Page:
In the just hatched larva of an undetermined fresh-water fish with a very small yolk-sack I found that the yolk extended along the ventral side of the embryo from almost the mouth to the end of the gut. The gut had, except in the hinder part, the form of a solid cord resting in a concavity of the yolk. In the hinder part of the gut a lumen was present, and below this part the amount of yolk was small and the yolk nuclei numerous. Near the limit of its posterior extension the yolk broke up into a mass of cells, and the gut ended behind by falling into this mass. These incomplete observations appear to shew that the solid gut owes its origin in a large measure to nuclei derived from the yolk.

When the yolk has become completely enveloped a postanal section of gut undoubtedly becomes formed ; and although, owing to the solid condition of the central nervous system, a communication between the neural and alimentary canals cannot at first take place, yet the terminal vesicle of the postanal gut of Elasmobranchii is represented by a large vesicle, originally discovered by Kupffer (No. 68), which can easily be seen in the embryos of most Teleostei, but the relations of which have not been satisfactorily worked out (vide fig. 34, hyv). As the tail end of the embryo becomes separated off from the yolk the postanal vesicle atrophies.


7 6


GENERAL GROWTH OF THE EMBRYO.


General development of the Embryo. Attention has already been called to the fact that the embryo first appears as a thickening of the edge of the blastoderm which soon assumes a somewhat shield-like form (fig. 33 A). The hinder end of the embryo, which is placed at the edge of the blastoderm, is somewhat prominent, and forms the caudal swelling (ts). The axis of the embryo is marked by a shallow groove.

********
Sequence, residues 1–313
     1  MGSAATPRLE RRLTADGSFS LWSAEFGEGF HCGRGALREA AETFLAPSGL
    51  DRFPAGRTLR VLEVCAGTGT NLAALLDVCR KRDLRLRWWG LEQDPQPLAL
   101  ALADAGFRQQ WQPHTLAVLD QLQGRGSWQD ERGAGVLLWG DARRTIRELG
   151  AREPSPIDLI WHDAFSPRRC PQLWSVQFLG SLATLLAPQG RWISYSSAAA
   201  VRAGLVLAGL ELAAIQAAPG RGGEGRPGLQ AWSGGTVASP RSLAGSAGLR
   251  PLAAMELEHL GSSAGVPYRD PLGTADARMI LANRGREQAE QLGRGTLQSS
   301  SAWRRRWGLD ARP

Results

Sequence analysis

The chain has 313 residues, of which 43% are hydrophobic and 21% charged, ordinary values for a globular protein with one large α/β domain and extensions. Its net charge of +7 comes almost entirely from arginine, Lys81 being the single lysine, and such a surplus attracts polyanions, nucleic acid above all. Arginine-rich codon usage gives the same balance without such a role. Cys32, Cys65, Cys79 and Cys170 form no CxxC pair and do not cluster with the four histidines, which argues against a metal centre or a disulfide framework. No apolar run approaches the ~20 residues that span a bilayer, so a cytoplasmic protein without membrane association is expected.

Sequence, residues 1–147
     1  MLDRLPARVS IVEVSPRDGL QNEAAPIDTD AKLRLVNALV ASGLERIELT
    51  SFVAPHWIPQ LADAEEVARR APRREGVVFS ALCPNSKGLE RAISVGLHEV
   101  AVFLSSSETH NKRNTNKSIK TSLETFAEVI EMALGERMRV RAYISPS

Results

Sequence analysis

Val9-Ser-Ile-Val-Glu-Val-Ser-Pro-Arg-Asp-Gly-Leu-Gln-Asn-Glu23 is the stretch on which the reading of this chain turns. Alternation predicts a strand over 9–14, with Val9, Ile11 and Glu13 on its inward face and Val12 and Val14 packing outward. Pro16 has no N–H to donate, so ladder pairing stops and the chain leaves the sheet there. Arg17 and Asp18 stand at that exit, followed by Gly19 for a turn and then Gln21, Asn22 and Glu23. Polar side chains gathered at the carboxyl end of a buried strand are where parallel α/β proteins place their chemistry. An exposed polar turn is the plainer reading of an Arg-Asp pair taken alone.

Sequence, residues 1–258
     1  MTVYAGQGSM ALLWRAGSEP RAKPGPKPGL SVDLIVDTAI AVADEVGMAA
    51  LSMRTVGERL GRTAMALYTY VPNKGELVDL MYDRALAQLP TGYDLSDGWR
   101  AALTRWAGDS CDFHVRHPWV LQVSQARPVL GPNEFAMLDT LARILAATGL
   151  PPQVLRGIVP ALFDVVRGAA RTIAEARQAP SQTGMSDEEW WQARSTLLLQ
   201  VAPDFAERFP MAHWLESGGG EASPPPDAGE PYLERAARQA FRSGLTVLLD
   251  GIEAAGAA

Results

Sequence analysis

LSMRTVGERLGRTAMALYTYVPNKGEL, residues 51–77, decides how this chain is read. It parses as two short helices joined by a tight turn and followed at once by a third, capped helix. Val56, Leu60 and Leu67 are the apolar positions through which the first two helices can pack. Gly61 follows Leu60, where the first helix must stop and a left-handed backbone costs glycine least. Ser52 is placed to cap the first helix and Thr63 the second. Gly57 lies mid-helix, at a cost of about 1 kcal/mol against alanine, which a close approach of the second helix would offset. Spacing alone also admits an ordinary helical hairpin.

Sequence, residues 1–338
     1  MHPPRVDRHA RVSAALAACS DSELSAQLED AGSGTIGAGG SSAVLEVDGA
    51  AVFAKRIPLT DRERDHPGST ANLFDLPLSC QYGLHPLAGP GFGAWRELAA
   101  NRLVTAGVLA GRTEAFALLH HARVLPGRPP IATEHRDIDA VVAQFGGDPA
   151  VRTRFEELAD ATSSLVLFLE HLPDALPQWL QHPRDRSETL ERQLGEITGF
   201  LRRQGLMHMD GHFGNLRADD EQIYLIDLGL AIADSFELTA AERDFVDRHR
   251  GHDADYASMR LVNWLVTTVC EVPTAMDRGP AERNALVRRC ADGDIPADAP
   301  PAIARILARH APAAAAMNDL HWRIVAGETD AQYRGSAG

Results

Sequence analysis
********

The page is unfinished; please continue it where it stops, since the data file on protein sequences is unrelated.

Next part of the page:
The body now rapidly elongates, and at the same time




FIG.


33. THREE STAGES IN THE DEVELOPMENT OF THE SALMON. His.)


(After


ts. tail-swelling; an.v. auditory vesicle; oc. optic vesicle; ce. cerebral rudiment; m.b. mid-brain; ^.cerebellum; md. medulla oblongata ; m.so. mesoblastic somite.

becomes considerably narrower, while the groove along the axis becomes shallower and disappears. The anterior, and at first proportionately a very large part, soon becomes distinguished as the cephalic region (fig. 33 B). The medullary cord in this region becomes very early divided into three indistinctly separated lobes, representing the fore, the mid, and the hind brains : of these the anterior is the smallest. With it are connected the optic vesicles (oc) solid at first which are pushed back into the region of the mid-brain.

The trunk grows in the usual way by the addition of fresh somites behind.

After the yolk has become completely enveloped by the blastoderm the tail becomes folded off, and the same process takes place at the front end of the embryo. The free tail end of


TELEOSTEI.


77



the embryo continues to grow, remaining however closely applied to the yolk-sack, round which it curls itself to an extent varying with the species (vide fig. 34).